8 Nisan 1931 Tarihli Evening Star Gazetesi Sayfa 1

8 Nisan 1931 tarihli Evening Star Gazetesi Sayfa 1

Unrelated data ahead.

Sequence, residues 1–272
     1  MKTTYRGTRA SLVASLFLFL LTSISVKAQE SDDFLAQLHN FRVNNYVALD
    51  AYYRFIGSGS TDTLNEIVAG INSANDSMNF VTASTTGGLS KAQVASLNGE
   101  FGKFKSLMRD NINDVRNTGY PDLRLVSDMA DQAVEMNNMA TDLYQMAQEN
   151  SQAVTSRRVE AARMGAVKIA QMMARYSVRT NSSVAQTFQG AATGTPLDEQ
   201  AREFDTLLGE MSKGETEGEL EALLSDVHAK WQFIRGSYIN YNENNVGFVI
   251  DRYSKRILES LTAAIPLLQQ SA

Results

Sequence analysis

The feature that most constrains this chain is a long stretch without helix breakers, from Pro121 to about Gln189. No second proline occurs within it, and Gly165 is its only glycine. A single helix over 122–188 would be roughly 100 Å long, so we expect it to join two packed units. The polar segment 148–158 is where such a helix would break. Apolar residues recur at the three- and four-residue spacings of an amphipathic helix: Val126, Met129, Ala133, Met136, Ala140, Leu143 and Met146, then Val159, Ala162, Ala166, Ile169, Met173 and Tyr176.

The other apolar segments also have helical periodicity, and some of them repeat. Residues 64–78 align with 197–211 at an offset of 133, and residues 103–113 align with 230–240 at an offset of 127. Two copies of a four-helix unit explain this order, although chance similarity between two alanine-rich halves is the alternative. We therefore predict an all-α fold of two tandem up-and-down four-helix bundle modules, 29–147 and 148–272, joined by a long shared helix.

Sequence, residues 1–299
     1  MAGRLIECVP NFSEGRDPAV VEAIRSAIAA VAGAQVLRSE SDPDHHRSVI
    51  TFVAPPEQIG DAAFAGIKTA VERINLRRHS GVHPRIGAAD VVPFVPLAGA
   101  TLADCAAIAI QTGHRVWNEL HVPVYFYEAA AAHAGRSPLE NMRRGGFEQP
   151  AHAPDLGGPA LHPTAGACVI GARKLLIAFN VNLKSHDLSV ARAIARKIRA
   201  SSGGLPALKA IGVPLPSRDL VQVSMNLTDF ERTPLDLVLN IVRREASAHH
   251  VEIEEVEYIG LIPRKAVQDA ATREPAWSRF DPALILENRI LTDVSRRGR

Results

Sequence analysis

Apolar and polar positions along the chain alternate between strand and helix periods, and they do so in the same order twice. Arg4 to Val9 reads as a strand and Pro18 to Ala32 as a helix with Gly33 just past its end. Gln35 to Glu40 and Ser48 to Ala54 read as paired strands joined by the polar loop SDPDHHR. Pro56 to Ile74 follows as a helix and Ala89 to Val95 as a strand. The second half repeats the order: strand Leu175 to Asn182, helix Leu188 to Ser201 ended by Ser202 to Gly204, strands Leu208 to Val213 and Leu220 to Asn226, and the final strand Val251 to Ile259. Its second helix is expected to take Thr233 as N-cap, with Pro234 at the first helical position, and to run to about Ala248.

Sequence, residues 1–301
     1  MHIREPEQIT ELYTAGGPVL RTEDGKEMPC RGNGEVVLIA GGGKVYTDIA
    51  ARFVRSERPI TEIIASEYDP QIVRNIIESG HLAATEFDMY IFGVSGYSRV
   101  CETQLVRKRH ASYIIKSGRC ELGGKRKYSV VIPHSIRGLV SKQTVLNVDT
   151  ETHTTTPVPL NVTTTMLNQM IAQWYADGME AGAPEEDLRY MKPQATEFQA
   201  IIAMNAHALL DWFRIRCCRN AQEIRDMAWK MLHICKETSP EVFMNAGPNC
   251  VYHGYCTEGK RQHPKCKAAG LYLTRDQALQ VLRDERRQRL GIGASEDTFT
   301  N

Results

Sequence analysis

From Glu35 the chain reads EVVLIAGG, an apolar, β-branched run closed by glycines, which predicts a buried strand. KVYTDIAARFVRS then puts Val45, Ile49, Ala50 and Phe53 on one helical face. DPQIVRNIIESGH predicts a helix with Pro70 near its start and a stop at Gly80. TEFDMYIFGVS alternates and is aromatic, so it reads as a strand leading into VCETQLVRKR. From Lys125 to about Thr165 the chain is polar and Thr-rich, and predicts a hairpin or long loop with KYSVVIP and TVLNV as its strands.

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WEATHER. <U. S. Weather Bureau Forecast.) Fair and warmer tonight and tomor row; lowest temperature tonight about 47 degrees. Temperatures—Highest, 67, at noon today: lowest, 39, at 8 p.m. yesterday. Full report on page 4. Closing N. Y. Markets, Pages 13,14 & 15 Olj I t/u# post office, Washington. I). C. BIG BILL THOMPSON DEFEATEDBYI9I.9I6 VOTES BY CERMAK Democrat’s Majority Largest Ever Given for Mayor in Chicago’s History. FORMER IMMIGRANT BOY WILL TAKE OFFICE SOON! Retiring City Head Says He Will Continue to Work for Good of j Municipality. By the Associated Press. CHICAGO, April B.—The political career of William Hale Thompson, as mayor, today lay buried beneath a rec ord-breaking blanket of votes which elevated to the mayorship. Anton J. Ccrmak, one-time immigrant boy from Bohemia. ■'Big Bill, the Builder," and a past master of the art of American politics, was swept out of office by his Demo cratic opponent by the overwhelming majority of 191,916, thus becoming the worst beaten mayoralty candidate in the history of the city. The vote, Thomp son, 475,613; Cermak, 667,529, was in sharp contrast to the previous record majority of 147,477 by which Thompson won in 1915. The result by which the "cowboy” mayor’s aspirations for a fourth term were abruptly ended, was haled by his opponents as a “new deal for Chicago.” Says City Redeemed Self. "Chicago," said Robert Isham Ran dolph, president of the Chicago Associ ation of Commerce, "has redeemed it self. We’ve had enough of Nero fiddling while Rome burned. We had told the world that we are prepared to regain our business level and restore our good came.” The mayor-elect, who expects to take office soon—possibly within the next veek —tock his elevation to the mayor ship of America's second city quietly, declaring the “whole world would not be disappointed in the new administra tion. He took a nap after the close of the polls, awakening to find himself winning. , _ . "Criminals,” he said, will find no • hiding place here. Our streets will be safe. Industry and commerce will find the highest encouragement. We shall at once set ourselves to the task of preparing our house for those who shall visit us at the century of progress ex hibition. This truly begids a new day lor Chicago.” Bedlam broke loose in the streets of downtown Chicago as shouts of frenzied Cermak supporters haled hi* victory over the master showman. Bombs and bullets added to the din, but they were fired harmlessly into the heavens. The outburst of enthusiasm was cne of the loudest since the signing of the armi stice. There were no disorders last night or during the day’s balloting. "Big Bill” Smiles. But for "Big BUI.” who entered the campaign after a bitter partisan cam paign fight announcing he would never seek public office again, there was no cause for rejoicing. He smiled, con gratulated his victorious opponent and then served notice that the vote that reduced him to the rank of a private citizen would not deter him in efforts to aid Chicago. “I will,” he said, “redouble my efforts for completion of the waterways to bring to Chicago a greater prosperity and to this end I have chartered the Missis sippi River steamship Cape Girardeau and will leave on a tour of the Illinois, Mississippi, Ohio and Tennessee Rivers April 9. • • * I love Chicago and believe in the destiny of our city.” Thus the man who once said he would "bust King George of England on the snoot,” greeted the result of the Demo cratic boom which not only removed Thompson, but apparently swept into the council chamber enough Democratic counciimen to give Cermak a working majority. The returns indicated the ratio would be 26 or more Democrats to 24 or less Republicans. It was the second big victory for a Democrat within the past year the other having been that of James Hamilton Lewis, elected to the United States Senate last November, over Ruth Hanna McCormick. Republican nominee. There (Continued cn Page 2, Column 8.) FOREIGNERSASKED TO LEAVE MADEIRA Lisb'n Acts to Safeguard Visitors Before Acting Against Rebels. Br the Associated Press. LISBON, Portugal, April B.—Evacua ton of foreign residents of Madeira was provided for and closing of all ports of the island group was ordered in an emergency cabinet decree published to day. The decree intimates that all resi dents of the island who have accepted posts under the rebel Junta set up there will be dismissed and tried in special courts. The decree affirmed intention of the government to suppress the revolt which, apparently instigated by political de portees. has overthrown the Lisbon authority in Funchal. An offer will be made the garrison at Funchal and the military junta there to allow them to return to the government fold, where after, in the event of its refusal, mil itary measures, made possible by a large expeditionary force sent to Ma deira, will be undertaken. BANDITS ASK $20,000 Negotiations Conducted for Release of Missionaries in China. PEIPING. China, April 8 MP).—Ne gotiations for the release of Rev. Bert Nelson, formerly of Minneapolis, and Rev. K. N. Tvedt, American Lutheran missionaries, who were captured by bandits in Honan Province last Fall, were proceeding today. The bandits are demanding $20,000 for their release. It was hoped the amount might bo reduced. A letter frc~i r " ’■> —ir\ received jjere, said .1. \. - -eli. ROSENDAHL TO BE COMMANDER OF NEW NAVY DIRIGIBLE AKRON Former Los Angeles Skipper Regarded as Foremost U. S. Zeppelin Authority. Is Ranking Officer to Survive Destruction of Shenan doah in 1925. By the Associated Press. Lieut. Comdr. Charles E. Rosendahl, who knows more about airships in fair I sailing and disaster than any other American, today was named the first skipper of the Navy's new queen oi the skies, the dirigible ZRS-4, better j known as the Akron. Rosendahl was ordered to the naval air station at Lakehurst, N. J., Apr:* 15, to bcg.n assembling a crew for th ,; new airship from the personnel trainee" aboard the Los Angeles, the dirigible given to this country by Germany un der the treaty of Versailles. Trial flights are to be conducted in July. Rosendahl is a survivor of the Shen andoah disaster, and was for three years captain of the Los Angeles. The Akron, named for her birth - (Continued on Page 2, Column 4.) CRAIN FACES PROBE IN NEW YORK CITY District Attorney Takes Stand to Fight Charges of Inefficiency. By the Associated Press. NEW YORK, April B.—Thcmas C. T. Crain, Manhattan's silver-haired district attorney, took the stand today to fight charges of inefficiency on which the City Club demands his removal. He be- 1 gun immediately to answer questions about his investigations of racketeering. Commissioner Samuel Seabury, hear ing the charges for Gov. Roosevelt, pref aced the proceedings with a statement that the accusations "do not in any j respect call into question the honesty and integrity of the district attorney.” Hearing Formal and Dignified. The atmosphere of the hearing room was formal and dignified. Both Sea bury and Crain wore frock coats and 1 striped trousers. So did John Kirk land Clark, inquisitor for the commis sioner, and Samuel Untermyer, attor ney for the district attorney. Attorney Clark's first questions laid the groundwork for getting into the record details of Investigations into al leged racketeering at the Fulton Fish j Market, in the sale of milk and ether business enterprises, and the organ, tion by Crain of a citizens' committee to look into racketeering last year. Grand jury minutes in the Fulton Fish Market investigation were identi fied and placed in the record. An investigation of all municipal affairs has been voted by the Legisla ture. The members of the Investigating Committee were appointed yesterday. Mayor Walker Is continuing prepara tions for a vigorous defense of his ad ministration in reply to charges filed against him with Gov. Roosevelt by the City Affairs Committee. Legislative Probers Named. The legislative committee to investi gate the city government from street sweeper to Judiciary and the mayor was named yesterday. The Republican leaders of the Legis lature selected Senators Samuel H. Hofstadter, New York, and Leon F. Wheatley, Hornell, and Assemblymen William J. Lamont of Orange, Abbott Low Moffat of New York and William F. Potter of Suffolk. The Democratic leaders chose as their two appointees the youngest and oldest Democratic members of the Legislature in point of service, Senator John J. McNaboe, serving his first term in the Legislature, and Assemblyman Louis A. Cuvillier, who began his service in the Lower House in 1907. Both represent New York districts. Ex-Informer Threatened. An attorney threatened to punch Chile Acuna, ex-police informer, on the nose. The trial of four vice squadsmen was going on. Samuel Liebowitz, defense j attorney, became angered at Acuna’s actions and declared himself of a mind , to lay a punch on Acuna's nose. Nelson Ruttenberg, fourth deputy po- : llcc commissioner conducting the trial, promptly told Liebowitz any more such j threats would result in Liebowitz's be- ; ing ejected as counsel. butler would like TO BE U. S. SENATOR! Has Not Had Time to Think It Over, Marine Corps Gen eral Says. ' PHILADELPHIA, April 8 UP). —"I would like to be a United States Sena tor from Pennsylvania,” said Maj. Gen. Smedley D. Butler of the Marine Corps here today. “But,” he added, “I haven’t had , time to think seriously about running for the Senate, and will not give the matter any consideration until my lec , ture tour is over on April 15. “When I retire from the Marine 1 Corps, around the end of September, my future plans will be definite. There , is nothing to stop me from seeking ; the nomination in the 1932 Spring pri , mary, if, after consideration, I decide that is the thing I want to do.” i SING SING CONVICTS DESCRIBED AS PROLIFIC LOVE-LETTER WRITERS E ! Parole Commissioner Asserts They Give Only Street Address and "Develop Genius for Expression.” v .. - t i 1 By the Aiiocleted Press. f NEW YORK, April B.—Convict* at J ’ Sing Sing are prolific and In some case* 3 excellent writer* of love letter*. i e Bernard J. Fagan, commissioner of r ‘ the State division of parr!?, told about 1 it at s meeting o* conc?”~-"' !** The convicts get the the love Uht Jtbmmn Skf. \ ✓ J X WITH SUNDAY MORNING EDITION WASHINGTON, IX C., WEDNESDAY, APRIL 8, 1931—THIRTY-SIX PAGES. *** LIEUT. COMDR. CHARLES E. ROSENDAHL. GRIEFMEN RETURN; PLAY HERE TODAY Earl Clarke to Be Honored in Contest With Braves. Sam Jones May Hurl. The Griff men are home. Washington was to have its first glimpse today of the ball team Walter Johnson confidently predicts will win the American League pennant. A long and unusually successful training grind at an end, it was a cheer ful band of athletes that filed through Union Station shortly before noon out into a winey Spring day, to be greeted j i by a sizable group of the “faithful.” Will Play Braves. At 3 o’clock they were to meet the Boston Braves of the National League In an exhibition contest that was to sea- j tuer Earl Clarke, a Washington youth ! for whom many have forecast a bril- I liant career. In honor of him it has i been designated “Earl Clarke day” at the ball park and many of his old play mates of the sandlots were expected out to give him a "hand.” Clarke la a center fielder and holds the all-time major league record for chances accepted in one game. He made 12 putouts and 1 assist to beat a mark which had stood since the early days of the American League. Sam Jones was the probable Wash ington pitching choice. Manager Bill McKechnie of the Braves was uncer tain who would be his selection. Charley Wilson, the Boston third baseman, got to town a day earlier than his mates to undertake a bit of serious business. Charley was mar ried here yesterday. The bride was Maureen Collins of Rochester, N. Y. Tomorrow the Griff men will play the Philadelphia Nationals here. Al though not counted among the stronger teams of their league, the Phillies have been making It hot for the world cham pion Athletics in the annual Phila delphia city series, having won two games to the Mackmen's one. President Gets Pass. President and Mrs. Hoover will be on hand at Griffiith Stadium April 14 to see the Washington and Philadelphia clubs open the 1931 American League season. Assurance of this was given by the President today to Clark Griffith, president of the Washington club, who called to present to the President a season pass contained in a morocco wallet with the President’s initials on the cover in silver. Mr. Griffith also left with the President a handsome wallet for Mrs. Hoover, made of alliga tor leather, highly lacquered and trim med in silver, containing an annual 1 pass. President and Mrs. Hoover have not missed an opening ball game since they have occupied the White House and each year have attended one game of the world series. —■ —■■■■ - 3,000 REDS DRIVEN OUT OF CHINESE CITY Bombing Planes Dislodge Invaders. Hwangchow Is Reported Virtually Destroyed. | By the Associated Press. HANKOW, April 8. —Three thousand Reds who attacked and captured Hwangchow, 50 miles east of here, were driven from that city today. Hwang chow was reported virtually destroyed. Six thousand Reds attacked Fungkou, 80 miles west of Hankow, but the mil itary defenders there repulsed them. The Invasion of Hwangchow was short but violent. The attackers began an orgy of looting as soon as the city fell early in the day. Government bombing planes were sent from here to dislodge the Invaders. Hwangchow, situated on the north oank of the Yangtse River, is considered an Important center because of its proximity to Hankow, Hanyang and Wuchang, the tri-cities of Central China. It had a population of 30,000 in 1924. lorn from matrimonial bureaus and. In writing, give only the street address of the prison In Ossining. “Driven by their loneliness and the monotony of prison life to express themselves on paper,” Mr. Fagan said, “men In prison become prolific letter -■' i ecreet lines develop a genius ... c.;„" e.laa.” IfINAL BREAKDOWN I IN NAVAL PARLEY SEEN IN LONDON Intense F-Power Rivalry Ex pected Unless France Yields in Demands. GREAT BRITAIN LINKS ARMS WITH ITALY Failure of Conference May Give Rise to Friendlier English Feel ing Toward Germany. BY CARROLL BINDER. By Cable to The Star. LONDON, England, April B.—The Anglo-Franco-Italian naval agreement, which raised the hopes of peace lovers throughout the world, Is admitted even by the British to be dangerously near final breakdown. Unless the French admiralty yields—and there is not much reason to expect this—naval rivalry may burst out intensely and the United States and Japan, as well as Great Britain, may lose the laboriously achieved limitations and economies of the London Conference. The rapprochement between France ; and Great Eritain, which prospered during the first days of the mutual re- j sentment at the Austro-German Cus- j toms Union, has withered startlingly, and Great Britain is linking arms with Italy in stiff resistance to the French naval demands. Great Britain more over is showing a friendlier eye to Ger many, whom she momentarily disliked for the secrecy over the Austrian pact. Sharp Contrast Shown. When this correspondent first dis closed that the French policy was threatening naval agreement, the Brit ish deprecated the report and en deavored to persuade the correspondents that the drafting was progressing nor mally. The Labor government’s passion for successful conclusion of the pact, for which Foreign Minister Arthur Henderson, First Lord of the Admiralty A. V. Alexander and Robert L. Craigie ! have striven so hard, sustained them j through many days of wrangling with I the French. Now faced with failure and the pos i sibility of being cbliged to spend large I sums for additional armament to keep pace with the French, the British reveal the real situation from their standpoint, which sharply contrats with the French presentation. The London version portrays the French navallsts as not only seeking to scrap the preliminary agreement but dooming in advance the forthcoming disarmament conference by striving for a fleet which in all but capital ships would be almost equal to the British and in submarines would be superior. Not even the Labor govern ment is willing to abandon Great Brit ian's historic naval supremacy in that fashion and the admiralty would not permit any govemenmt to do so if it wished. See Claim for Free Hand. The British consider the French de mand nothing less than a claim for a free hand for construction in the years 1935-1936—the last two years of the London Naval Treaty. The United States, Japan. Great Britain and Italy would thus be restricted by the treaty terms for six years, while France would be limited for only four. Great Britain has flatly notified the French that it will not entertain such a project. There must be a six-year agreement for all or none whatever. Italy shares this British view. The British refute the French con tentions regarding over-age vessels with the allegation that the British fleet will also comprise a large proportion of over age vessels in 1936, which will be re placeable gradually by building started after that date if necessary. Would Open Escape Clause. Should the French persist in build ing, the British will be free to do like wise under the escape clause of the Lon don treaty. But then the United States and Japan would be free to increase their navies proportionately and the ! situation would be as inimical to peace and economy as it was before London, save for Anglo-American parity. The government organ, the Herald, editorially warns Paris that the “agree ment must be based on the prinlciple of applying to France and Italy the limita tions already accepted by Great Brit ain, America and Japan or it cannot be signed by Great Britain.” And with out agreement, the Franco-Itallan po litical strife will be resumed, i All of which intensifies interest in the visit of German Chancellor Hein rich Bruening and Foreign Minister Julius Curtius to London early in May. (Continued on Page 2, Column i.) WUPPER SENTENCED TO 210 YEARS IN JAIL $1,000,000 Bank Embezzler Also Fined SSOO Each on 20 Forgery Charges, i ' By the Associated Press. WEST POINT, Nebr., April B.—Paul 1 Wupper, w’ho embezzled $1,000,000 | from his bank at Beemer, today plead [ ed guilty to 20 counts of forgery in l District Court, and was sentenced to a 1 total of 210 years in prison. He also was fined SSOO on each count. He was arrested in Philadelphia a few days ago for bigamy. District Judge Clinton Chase sen , fenced the former mayor and bank , president, on his plea of guilty, to 20 years in prison on the first forgery charge and 10 years on each of the other 19 charges. The sentences are ► to run consecutively. The charges in volved forgeries totaling $35,000. Wupper, who is 54 years old, also was charged with the embezzlement of $67,000 from the bank, which failed in September, 1928, but this count was not i pressed by County Attorney Harvey f Ellenberger. The former bank president will be s taken to the State penitentiary, at Lin s coin, as soon as his commitment papers !, are ready. r When asked by the district Judge If s he h* ' '•v t’Mrs'j. to say, Wupper muhulc.l ‘ -hi -or*.” THE END OF THE SHOW. FARM AID FAILURE, ! SAYS GRAIN LEADER 'Program Menaces Coming Crops, Chicago Trade Board Head Declares. By the Associated Press. CHICAGO, April 8. —President James C. Murray of the Chicago Board of Trade declared today that the stabili zation program of the Farm Board "has failed completely In the attempt to maintain the markets on any satis factory level.” In an address before the Chicago Association of Commerce he said the Farm Board's operations "have only resulted in accumulations which are a menace to the coming crops.” "Passage of the agricultural market ing act, intended to be of benefit to the farmer, has admittedly failed of its pur pose. Ably managed by honest men interested in the working out of a definite scheme of farm relief, the op eration of the act has again demon strated the futility of interference with the normal action and reaction to supply and demand,” he declared. Others’ Experiences Cited. Through the act, he said, the Gov ernment has advanced “large sums for the purpose of building up co-operative companies, under obligation to market their grain through the single channel approved by the Farm Board.” But it has been clearly demonstrated in the experience of other countries that "the unit system of marketing through one national channel is not a success, and that a free and open market, one carry ing a wide public interest, is the only sound and safe means of disposing of staple crops.” Mr. Murray said the Board of Trade strongly recommended the following: “First, that the Government should at the earliest possible date divest it self entirely of the business of mer chandising grain, to the end that the marketing of the surplus already stored up shall be handled by the regular dealers in the domestic and export trade with the least possible disturb ance to the marketing of the coming crops. Open Market Held Essential. "Second, that in assisting the devel opment of co-operative marketing, as required under the terms of the act. Government funds should not be used at lower rates of interest in the mer chandising of commodities in competi- ! tion with the established trade. "Third, that the maintenance of a free and open market for grain, with a wide public interest, is essential to the best Interests of the producer and consumer. “Fourth, that the market should be relieved of unnecessary detailed gov ernmental supervision and bureaucratic control.” TWO KiLLEbr3HURT IN AQUEDUCT BLAST Explosion 60f Feet Below Street Level in Bronx Entombs Men. Sixty Others Escape. By the Associated Press. NEW YORK, April B.—Two men were killed, three seriously injured and 60 escaped death last night in an explo sion in a part of a 22-mile aqueduct be ing constructed from Yonkers to Long Island City. The dead: Edelmino Fernandez, 27 years old, su perintendent. Weiman Moffett, 30, superintendent in charge of blasters. The aqueduct, being constructed at a cost of $44,000,000 and with Patrick J. McGovern as contractor, has been called “the Black Luck Tunnel,” because a dozen workers have been killed in its construction. The explosion occurred in the Bronx portion of the tunnel, 605 feet below street level. Seventy charges of dyna mite had been laid. The dead and injured were buried un der tons of rock and dirt. Other work ers were blown from their feet. The uninjured quickly dug out their com panions. The Bronx homicide squad and other police officers began an Investigation. Chile Has Light Earthquake. SANTIAGO, Chile, April 8 (A*). —A light earth shock was felt here today, starting at 4:25 a.m. and lasting for 20 seconds. No damage was reported. Radio Frcgrams on Page C-Z Cow Saves Own Life By Flashing Light To Call Assistance By the Associated Press. SAYRE, Pa., April B.—Della, a Holstein cow, owned by George Smith of Ulster, was recovering today from an attack of Indiges tion because she summoned a doctor in time. Every day when the time for rations arrives, Della pulls an electric light cord tied to a stanchion of her stall. Early to day the light flashed on, and when Smith hurried to the bam he found the cow suffering from indigestion. He called a veterina rian, who said Della would have died had she not received prompt treatment. COUNTERFEIT BILL SUSPECTS ESCAPE Two Wanted for Flooding Cumberland Valley With Bogus $5 Currency. Special Dispatch to The Star. HAGERSTOWN, Md., April B— Two men, thought to be counterfeiters, who have literally flooded the Cumberland valley section with bogus $5 bills, es caped arrest by a Department of Jus tice agent by a margin of about 5 minutes here today, when they left their rooming house just before the investigator arrived to take them into custody. Authorities say the men made their escape in an automobile bearing District of Columbia tags. The men. who arrived at the home of Mrs. Bertha L. Finfrock several days ago. driving a car with Ohio license plates, registered under the names of A. M. Kilburne and Famham Kil bume, father and son, respectively. They at first had refused to register at the rooming house, but at Mrs. Fin frock's insistence they did so, adding they were from Baltimore. The $5 bills, nearly SIOO worth of which have been turned over to police, have been passed in various towns throughout the Cumberland Valley, starting at Harrisburg, Pa., and includ ing Frederick and Westminster, Md. Complaints continue to flow in from all sections of the counterfeit money. Mrs. Finfrock informed authorities that she noticed during the stay of the men that they kept in their room sev eral bottles of different colored Ink and what appeared to be dies. The counter feit bills are very poorly executed, police say. The landlady at the boarding house said the tags on the machine the men drove evidently were changed during, their stay at the house. LAWLESSNESS SPREADS i Palestine Government Believes Crimes Political in Nature. JERUSALEM, April 8 UP). The Jewish Telegraphic Agency said today that lawlessness was spreading in the neighborhood of Yaggour, near Haifa, wnere three Jewish workmen were shot and killed Sunday night as they were returning home from a nearby cement factory. Reports here said that unidentified persons were demolishing telephone stations and cutting wires between Acre and the Arab village Shefaram. The agency said that the Palestine government was more and more in clined to believe the crime political in nature. COLLEGIAN MORE "HIPPEROUS” THAN DAD, SAYS RENSSELAER HEAD Declares Student of Today Drinks No More Than Fathers Did, But Must Carry Liquor'on Hip. Ey the Associated Press. TROY, N. Y. t April B—After 56 years’ observation of college men, Dr. Palmer Chamberlain Ricketts, president of Rensselaer Polytechnic Institute, finds students of today more “hipperous” than those of half a century ago. That’s the chief difference he has found. Modem students are as well balanced and as hard working. College men now drink no more than their fathers did, he explained, but now they have to carry their liquor on the hip, hence “hipper*’ and “hipperous.” “I’ve only been teaching 56 years,” he rr’f. “rnJ human nature doesn’t change m so short a time.” v" . . ■" ~| “From Presn to Homo Within the Hour ” The Star's carrier system covers every city block and the regular edi tion is delivered to Washington homes ( as fast as the papers are printed. Yesterday’s Circulation, 116,303 OP) Mean* Associated Pre**. T\\ O OEJsTS. !N[W CLUE FOUND ! IN MURDER PROBE # . Bloody Handkerchief Discov ered Near Grave of Slain Marine. A bloody handkerchief found In the woods In which the bullet-riddled body of Pvt. Emanuel Thorne, 25-year-old Marine, was buried in a shallow grave dug by his slayer, was expected to be turned over to Prince Georges County investigators today. The handkerchief, considered the most important clue thus far in the in vestigation of the mysterious murder, was picked up by a man who was dump ing rubbish in the woods on March 15. 1 He communicated with Constable Earl Blackwell of Capitol Heights, Md., who already had found an automobile be- I; lieved to have been used by the killer. Beth car and the handkerchief were found on the same day, causing Black well to place the time of the murder as about midnight, March 14. Brawl Is Reported. At that time, Blackwv.il declared to day, a drunken brawl in which several shots were fired is known to have oc curred in a garage not far from the woods in which Thome’s body was found. Blackwell heard of the shooting at the time, he said, and rushed to the garage, but was told nothing had hap pened. On the night of the battle in the garage an ambulance was summoned to Greater Capitol Heights, but the crew was told the alarm was a false one, according to Blackwell. The ambulance returned to Washington, stopping at Fifteenth and H streets northeast, where the driver told a curious bystander of the call to the Maryland town. Black well has talked with the man who saw the ambulance, he said, but has been unable to learn whether the vehicle be longed to the various Washington hos pitals or was privately owned. Since the discovery of Thorne’s corpse, however, Blackwell has investi gated the disturbance in the garage. His probe, he asserted, has convinced him Thorne was slain in the garage and that his body was placed in the auto mobile, carried to the edge of the woods and dragged from the machine to the place of burial. “Only a drunken man would have made such a botch of disposing of his victim,” Blackwell declared. Stain Found on Car. “The layer of dirt covering the body was only an inch or two thick and a sober man certainly would have buried his victim deeper than that.” The automobile, found abandoned on Crystal Spring road, about two blocks from the improvised grave, bears a dark brown stain, believed to be blood, Blackwell continued. The stain, he said, “looks as though somebody tried to wash it off.” Blackwell said he has the names of several persons who witnessed the fight in the garage and that he plans to question them today. He also plans to interview the man who found the hand kerchief, which bears no initials or other mark of identification. The man claims to have seen an au tomobile near the woods early on the morning of March 15, however, and Blackwell is endeavoring to learn the identity of the occupants. The machine, Blackwell said, probably was the same one which he is now holding in a Cap itol Heights garage. Vincent Selbicky, a member of the Marine Band, in the rear of whose home Thorne’s body was found, was question (Continued on Page 2, Column 3.) Dr. Ricketts entered Rensselaer as a student and remained as an instructor, eventually to become a directdt, and finally president. At 75 he works 10 hours a day. His relaxation is the reading of horror stories. The roster of engineers who have achieved eminence in their profession includes the names of many who learned the fundamentals and the ideals of their caiHni frewi him. A large share of pended upon buildings «nd equipment at ftensselaer was dona%d by these former students as a testinmnial of the '■stm-in In which they IWldiPiC.,” as 1 he Is known on the LONGWORTH. ILL WITH PNEUMONIA, HAS “GOOD NIGHT” Wife Arrives at Curtis Home in Aiken, S. C., Where Speaker Is Guest. n PHYSICIANS TO ISSUE TWO BULLETINS DAILY President Hoover Assigns Personal Physician to Keep Him Informed in Case. By the Associated Press. AIKEN. S. C„ April B.—Nicholas Longworth, for six years Speaker of the House, lay seriously ill here today from pneumonia. Mrs. Longworth was at his bedside. The former Alice Roosevelt, daugh ter of President Roosevelt, arrived her* to be with her husband this morning at 10:20 o’clock. She was summoned last night after physicians attending Long worth revealed a heavy cold he had had for 10 days developed Into pneumonia Monday night. Dr. R. H. Wilds of Aiken, said there had been no change in Longworth’* condition since late yesterday, but added that Longworth had a ‘good night.” Confer With Mrs. Longworth. The physician and his associates on the case. Dr. Thomas G. Brooks of Aiken and Dr. V. P. Sidenstricker of Augusta, conferred with Mrs. Long worth soon after her arrival. Although they had said there would be an official bulletin on Longworth’s condition after the conference, none was issued immediately. Later, Dr. Wilds announced the first formal bulletin would be issued at 8 p.m. today. He said bulletins would be issued tomorrow at 9 a.m., noon and 9 p.m. He said Longworth rested comfortably during the morning. Longworth’s pulse, he said, was 110, his temperature 101 and his respiration 23. He said the patient’s blcod pressure was satisfac tory. Dr. Wilds said Longworth had lobar pneumonia. Only the right lung Is af fected. Crisis in Three to Five Days. “A crisis, if there is one,” Dr. Wilds said, “will probably come in from three to five days.” Mrs. Longworth brought Miss Eliza beth Nelson, a nurse, of Baltimore, with her from Washington this morning to attend Longworth. Longworth is at the home of Mr. and Mrs. Curtis of Washington. He was here for a vacation when he be came ill. An oxygen tank was used in treating him yesterday. His physicians said it was used solely as a precaution. Longworth, a Republican, began his service in Congress in 1903. He repre sents the first Ohio District. HOOVER SHOWS CONCERN. Assigns Personal Physician to Keep Him Informed. President Hoover, in his concern re garding the condition of Speaker Long worth, has requested that he be kept posted as to the progress of the lat ter’s illness. This morning Mr. Hoover had hi* personal physician, Capt. Joel T. Boone, make inquiries by long-distance tele phone regarding Mr. Longworth's con dition. Capt. Boone reported that hi* advices were that the Speakers’ illness was substantially as reported In the papers today. MACHADO MOVES TO AVERT CRISIS Grants Three Important Conces sions to Opposition Trying to Oust Him. By the Associated Press. HAVANA, April 8. —Presiden* Mach ado, in an effort to avert wha‘ appear* to be an almost unavoidable Ais is la the Cuban political situation, has de cided to make three important conces sions to the opposition which is trying to oust him. They are: First—Agreement to permit return to Cuba of more than 60 political pris oners recently transferred to the Isl* of Pines Prison from Principe Fortres* here. Second—Granting of liberty to Col. Aurelio Hevia, Nationalist chieftain, who has been held somewhat as hos tage by the government for many weeks. Third—Agreement to liberate Maj. Manuel Espinosa, former presidential • aide .de camp, who was court-martialed on charges of an attempt against the President’s life, and reaccused yesterday by a palace guard as having been an anti-administration plotter. The first concession is expected to placate the students, and the second is considered a compromise move in the direction of the Nationalist Union, principal organized body seeking Gen. Machado’s removal. The third is ex pected to block criticism of the public, which- has been given to understand that the court-martial trying Espinosa found him.. innocent. Two general amnesty proclamation* published in the official gazette today pardon persons charged with offense* through the medium of the press against election judges of the electoral law. MURDER l§ MYSTERY Doctor Called to Office — Finds Man Stabbed to Death. CHICAGO. April 8 (/P).— Dr. James Patejdl was enjoying an evening home last night when the telephone rang. He answered. “There’s an accident case in your of fice,” said the caller, who failed to reveal his identity. Hurrying to his office he found sit ting In his chair William Lewi*, 35 dead from a knife wound In his side. surrounded the slaying-